Hidalgo, Ricardo Porro (1925–2014) By López, Alberto José-Antonio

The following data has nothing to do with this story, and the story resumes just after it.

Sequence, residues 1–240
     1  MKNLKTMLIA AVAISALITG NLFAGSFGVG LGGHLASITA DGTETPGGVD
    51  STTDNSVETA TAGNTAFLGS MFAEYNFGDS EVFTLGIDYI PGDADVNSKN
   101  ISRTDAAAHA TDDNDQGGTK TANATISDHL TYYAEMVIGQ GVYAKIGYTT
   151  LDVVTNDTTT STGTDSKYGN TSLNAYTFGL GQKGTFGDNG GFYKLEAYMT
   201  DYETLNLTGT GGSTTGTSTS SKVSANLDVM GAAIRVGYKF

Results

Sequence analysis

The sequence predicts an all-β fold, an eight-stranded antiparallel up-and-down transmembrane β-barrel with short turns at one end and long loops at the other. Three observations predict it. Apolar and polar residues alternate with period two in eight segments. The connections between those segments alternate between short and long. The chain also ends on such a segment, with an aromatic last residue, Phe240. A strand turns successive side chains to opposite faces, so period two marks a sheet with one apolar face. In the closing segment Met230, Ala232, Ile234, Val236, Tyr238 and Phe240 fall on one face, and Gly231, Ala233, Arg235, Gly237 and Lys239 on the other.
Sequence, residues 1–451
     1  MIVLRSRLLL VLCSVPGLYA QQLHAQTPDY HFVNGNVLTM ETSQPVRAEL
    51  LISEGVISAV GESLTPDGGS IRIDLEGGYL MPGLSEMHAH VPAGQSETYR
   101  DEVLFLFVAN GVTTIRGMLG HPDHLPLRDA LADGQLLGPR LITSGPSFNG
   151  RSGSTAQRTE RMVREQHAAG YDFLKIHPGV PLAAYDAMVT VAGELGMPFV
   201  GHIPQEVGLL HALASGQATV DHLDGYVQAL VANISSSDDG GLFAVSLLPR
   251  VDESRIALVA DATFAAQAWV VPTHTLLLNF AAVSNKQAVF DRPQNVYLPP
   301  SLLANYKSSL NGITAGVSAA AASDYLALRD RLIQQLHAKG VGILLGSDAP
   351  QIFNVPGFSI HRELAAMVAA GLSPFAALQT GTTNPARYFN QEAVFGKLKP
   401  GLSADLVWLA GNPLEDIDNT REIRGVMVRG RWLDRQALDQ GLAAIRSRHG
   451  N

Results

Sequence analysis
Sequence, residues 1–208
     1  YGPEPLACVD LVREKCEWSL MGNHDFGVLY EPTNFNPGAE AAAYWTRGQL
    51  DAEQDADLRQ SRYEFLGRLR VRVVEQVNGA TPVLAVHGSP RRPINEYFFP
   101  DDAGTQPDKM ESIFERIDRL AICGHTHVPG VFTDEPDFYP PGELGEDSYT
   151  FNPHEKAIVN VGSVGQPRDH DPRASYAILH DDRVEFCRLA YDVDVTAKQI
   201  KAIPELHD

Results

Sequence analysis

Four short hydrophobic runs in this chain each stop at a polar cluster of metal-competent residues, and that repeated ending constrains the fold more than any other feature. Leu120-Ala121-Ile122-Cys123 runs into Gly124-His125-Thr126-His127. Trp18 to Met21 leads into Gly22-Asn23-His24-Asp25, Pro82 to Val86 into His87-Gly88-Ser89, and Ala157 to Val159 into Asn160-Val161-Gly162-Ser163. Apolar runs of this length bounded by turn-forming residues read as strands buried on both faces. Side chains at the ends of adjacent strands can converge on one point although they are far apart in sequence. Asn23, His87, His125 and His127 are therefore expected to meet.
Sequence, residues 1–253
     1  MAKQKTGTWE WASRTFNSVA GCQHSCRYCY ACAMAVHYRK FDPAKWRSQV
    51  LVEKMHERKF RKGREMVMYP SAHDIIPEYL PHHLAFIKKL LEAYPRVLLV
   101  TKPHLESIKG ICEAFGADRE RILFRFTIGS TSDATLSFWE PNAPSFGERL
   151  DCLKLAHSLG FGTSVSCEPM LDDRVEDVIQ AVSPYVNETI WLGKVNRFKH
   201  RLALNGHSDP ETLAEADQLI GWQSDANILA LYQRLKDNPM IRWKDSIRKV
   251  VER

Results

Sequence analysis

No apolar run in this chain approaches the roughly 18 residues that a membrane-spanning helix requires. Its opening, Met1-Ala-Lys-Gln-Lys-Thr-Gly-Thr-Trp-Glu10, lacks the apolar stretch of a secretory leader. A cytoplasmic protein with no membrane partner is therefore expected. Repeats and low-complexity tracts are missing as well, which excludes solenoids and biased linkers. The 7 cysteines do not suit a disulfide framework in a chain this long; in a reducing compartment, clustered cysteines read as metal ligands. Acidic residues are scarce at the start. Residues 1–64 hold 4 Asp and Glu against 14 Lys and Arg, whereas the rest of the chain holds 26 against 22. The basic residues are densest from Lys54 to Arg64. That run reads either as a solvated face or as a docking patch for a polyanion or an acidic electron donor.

Best known for his involvement in the design of the National School of Art (1961–1965), Ricardo Porro’s work in Cuba marks a brief-lived yet spiritually lingering venture into a figurative modernism. Abandoning the rational and functional tendencies of his early training, Porro embarked on a project beginning in the late 1950s that sought to find a formal means of expression that challenged the abstract modernism of the period by incorporating gestures of an often romantic symbolism. Rising to prominence in the local design community at a time when cubanidad (the cultural spirit and expression of Cuban-ness) was a matter of impassioned debate, Porro challenged the accepted notion of Spanish-colonial primacy in the modern movement’s historical yearnings, advocating a criollo (culturally mixed) artistic tendency. In addition, he became a vociferous proponent for the cultivation of Cuba’s “black tradition,” a stylistic notion present in the Afro-Cuban vernacular as well as the island’s artistic vanguard. As Porro and the unfinished Schools of Art fell out of favor with the Revolution, the young architect had no choice but to leave his native country in order to continue practicing his art. He entered into exile in 1967 when he left for Paris. He continued to design, now in partnership with Renaud de la Noue.